As Jack Colley, state coordinator for the Governor’s Division of Emergency Management in the Texas Department of Public Safety, watched the shuttle work unfold, he realized how it could be used in other circumstances.

“So much more information was immediately available than ever before for a large-scale disaster and he immediately connected it to a dirty bomb detonation or an anthrax release that would be instantaneous over a wide area,” Wells says.

In the case of the shuttle, the maps showed more than where the debris landed. They could show what kind of soil was in an area, indicating how deep a shuttle piece might have been buried. Satellite images collected after the disaster showed breaks in the tree canopies which might have been caused by falling debris.

“This was a demonstration of the kind of technology the state wants to put in place,” Wells says.

“Being able to model the storm, being able to look at Texas in a virtual capacity that gives us a huge dimension we’ve never had before,” Colley says. “It really enhances our capability to ensure public health and public safety and understand if we’re going to have an enduring economic impact with that.”

A Texas Senate resolution issued in May commended Wells and his team for its work in the Columbia recovery.

MAGIC is based with the Center for Space Research in the MCC building in north Austin. Through two new receiving stations and another station—the white domes on the building’s roof—every day the group collects 20-30 gigabytes of information, the rough equivalent of downloading 9,000 songs, from several satellites.

The information is beamed down from satellites controlled by NASA and the National Oceanic and Atmospheric Agency as well as those operated by India and China. The data flow will increase about 10 times in 2005 when MAGIC becomes a collection facility for a new German radar satellite mission.

Center for Space Research team members working at the Texas Emergency Operating Center

During emergencies such as last month’s Hurricane Claudette, the team works from a spot front and center in the state’s emergency operations center to provide up-to-date information to the state emergency coordinator.

CSR also incorporates into its mapping information from airborne laser technology such as the university’s LIDAR (Light Detection and Ranging) mapping system.

Wells’ goal is to combine much of this information with that contained in state databases of roads, bridges, houses, schools, petrochemical plants and many other assets to help plan and deal with disasters.

In a wildfire scenario, Wells sees providing firefighters with detailed 3-D information about the landscape and direction of the fire to find an appropriate site where a crew could be dropped in to build a fire break.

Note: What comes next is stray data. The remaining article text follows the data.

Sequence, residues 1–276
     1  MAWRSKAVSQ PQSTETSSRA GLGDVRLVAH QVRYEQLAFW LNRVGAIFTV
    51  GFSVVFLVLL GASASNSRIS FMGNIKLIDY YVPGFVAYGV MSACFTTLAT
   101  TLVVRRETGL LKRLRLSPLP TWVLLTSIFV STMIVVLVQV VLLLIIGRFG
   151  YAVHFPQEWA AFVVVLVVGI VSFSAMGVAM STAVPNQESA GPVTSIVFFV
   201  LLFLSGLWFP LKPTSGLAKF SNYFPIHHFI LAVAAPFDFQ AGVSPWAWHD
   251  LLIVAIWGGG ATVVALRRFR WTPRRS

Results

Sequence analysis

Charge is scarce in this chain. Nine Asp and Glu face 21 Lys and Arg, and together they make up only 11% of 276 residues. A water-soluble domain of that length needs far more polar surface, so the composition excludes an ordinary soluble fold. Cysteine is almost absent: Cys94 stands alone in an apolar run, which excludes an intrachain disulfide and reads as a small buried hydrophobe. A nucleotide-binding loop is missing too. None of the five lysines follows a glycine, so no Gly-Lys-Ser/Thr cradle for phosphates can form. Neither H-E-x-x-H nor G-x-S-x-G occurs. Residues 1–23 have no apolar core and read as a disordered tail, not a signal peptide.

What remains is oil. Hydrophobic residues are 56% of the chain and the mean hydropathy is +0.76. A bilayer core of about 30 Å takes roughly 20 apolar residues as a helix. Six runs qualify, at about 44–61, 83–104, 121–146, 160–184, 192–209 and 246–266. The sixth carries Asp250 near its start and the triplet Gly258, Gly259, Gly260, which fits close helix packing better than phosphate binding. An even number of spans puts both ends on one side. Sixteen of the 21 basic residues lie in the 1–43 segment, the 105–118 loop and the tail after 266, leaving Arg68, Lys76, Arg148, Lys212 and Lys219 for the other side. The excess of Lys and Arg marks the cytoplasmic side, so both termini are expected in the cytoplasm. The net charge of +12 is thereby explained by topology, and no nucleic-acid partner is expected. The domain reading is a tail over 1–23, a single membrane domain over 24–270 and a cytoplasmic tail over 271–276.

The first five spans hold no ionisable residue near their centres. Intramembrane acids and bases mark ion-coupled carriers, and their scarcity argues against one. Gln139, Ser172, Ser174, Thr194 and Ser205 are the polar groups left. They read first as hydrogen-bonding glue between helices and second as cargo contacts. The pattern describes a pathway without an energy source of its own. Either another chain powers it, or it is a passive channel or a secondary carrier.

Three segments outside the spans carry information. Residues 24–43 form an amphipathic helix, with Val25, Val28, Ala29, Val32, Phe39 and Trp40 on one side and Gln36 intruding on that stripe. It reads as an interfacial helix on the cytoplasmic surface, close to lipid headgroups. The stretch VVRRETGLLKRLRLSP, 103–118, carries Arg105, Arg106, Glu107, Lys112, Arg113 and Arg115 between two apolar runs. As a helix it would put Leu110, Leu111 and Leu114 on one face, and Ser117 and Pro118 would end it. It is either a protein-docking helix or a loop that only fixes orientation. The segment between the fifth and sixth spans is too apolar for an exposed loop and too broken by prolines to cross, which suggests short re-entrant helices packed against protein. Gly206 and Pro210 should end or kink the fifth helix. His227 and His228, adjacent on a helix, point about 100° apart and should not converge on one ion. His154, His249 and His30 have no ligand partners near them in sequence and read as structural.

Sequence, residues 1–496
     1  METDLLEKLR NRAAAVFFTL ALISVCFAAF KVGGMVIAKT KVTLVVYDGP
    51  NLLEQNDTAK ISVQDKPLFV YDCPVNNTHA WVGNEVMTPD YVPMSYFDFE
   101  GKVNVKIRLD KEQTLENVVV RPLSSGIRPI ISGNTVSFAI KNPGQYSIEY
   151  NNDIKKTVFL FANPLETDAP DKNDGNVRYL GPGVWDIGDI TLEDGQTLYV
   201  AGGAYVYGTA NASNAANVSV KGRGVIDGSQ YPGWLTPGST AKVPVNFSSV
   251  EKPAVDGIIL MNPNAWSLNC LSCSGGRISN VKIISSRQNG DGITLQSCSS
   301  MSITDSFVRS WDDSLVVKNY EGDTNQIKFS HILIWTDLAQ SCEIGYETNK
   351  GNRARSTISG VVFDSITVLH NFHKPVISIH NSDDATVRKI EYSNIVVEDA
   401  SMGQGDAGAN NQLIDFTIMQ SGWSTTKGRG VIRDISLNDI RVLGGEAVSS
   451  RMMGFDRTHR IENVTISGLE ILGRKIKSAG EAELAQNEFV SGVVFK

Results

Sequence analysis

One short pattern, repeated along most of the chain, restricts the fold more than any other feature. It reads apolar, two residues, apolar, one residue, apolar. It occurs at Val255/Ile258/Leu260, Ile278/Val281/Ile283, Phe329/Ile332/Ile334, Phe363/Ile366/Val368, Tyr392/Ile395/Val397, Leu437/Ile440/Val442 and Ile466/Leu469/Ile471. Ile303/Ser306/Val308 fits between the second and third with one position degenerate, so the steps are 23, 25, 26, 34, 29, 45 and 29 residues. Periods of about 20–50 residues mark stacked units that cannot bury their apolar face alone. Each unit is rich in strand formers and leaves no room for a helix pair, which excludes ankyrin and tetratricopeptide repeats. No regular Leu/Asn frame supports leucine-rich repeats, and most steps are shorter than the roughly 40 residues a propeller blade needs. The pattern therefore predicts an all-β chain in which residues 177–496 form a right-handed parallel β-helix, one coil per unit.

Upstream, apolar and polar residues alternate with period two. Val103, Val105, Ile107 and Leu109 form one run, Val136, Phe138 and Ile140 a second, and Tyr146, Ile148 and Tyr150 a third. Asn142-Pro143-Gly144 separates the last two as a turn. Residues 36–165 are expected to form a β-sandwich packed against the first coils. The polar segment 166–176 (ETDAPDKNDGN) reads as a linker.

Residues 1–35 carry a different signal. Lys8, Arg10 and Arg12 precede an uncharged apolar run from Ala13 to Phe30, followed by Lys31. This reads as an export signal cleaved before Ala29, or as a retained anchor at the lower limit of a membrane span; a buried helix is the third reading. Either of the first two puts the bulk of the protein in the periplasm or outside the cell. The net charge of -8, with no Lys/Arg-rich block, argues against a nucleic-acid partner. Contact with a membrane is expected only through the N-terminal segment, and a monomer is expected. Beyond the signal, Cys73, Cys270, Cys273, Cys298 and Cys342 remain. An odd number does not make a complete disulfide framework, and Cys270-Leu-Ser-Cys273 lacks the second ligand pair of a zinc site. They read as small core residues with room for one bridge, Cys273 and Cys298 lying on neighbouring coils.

In a scenario aimed at prevention, Wells would show residents models of what would happen to them when their neighborhood floods.

“What you want to do is inform citizens,” he says. “You think you’re high and dry? We’re going to run a simulation” that will show whether they are.

He also foresees working with the Texas Department of Transportation to track real time traffic flows during an evacuation. The center would also show local officials, who have to order evacuations, that there are plentiful accommodations with food and water awaiting their residents.

“It’s a big confidence builder for them to be able to see, hour-by-hour, the state putting these things into place,” he says.

“If an event occurs, then we will combine GPS locations with digital aerial photography so that the field analysis of damage can be put in context with the mapping,” Wells says. “I think in the future we can do damage analysis much more efficiently and accurately.”

While state leaders and agencies are hungry for the data the MAGIC group can provide, Wells wants to take it step-by-step.

“We’ve got a lot of product demand by state agencies and federal agencies already just for the sensors we’re accessing right now,” he says. “So I want to grow this slowly and make sure we’re taking the right steps in the right sequence rather than diving into the deep part of this pool, which can get very deep, very quickly.”

Tim Green

Images courtesy Center for Space Research

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  Updated 2014 October 13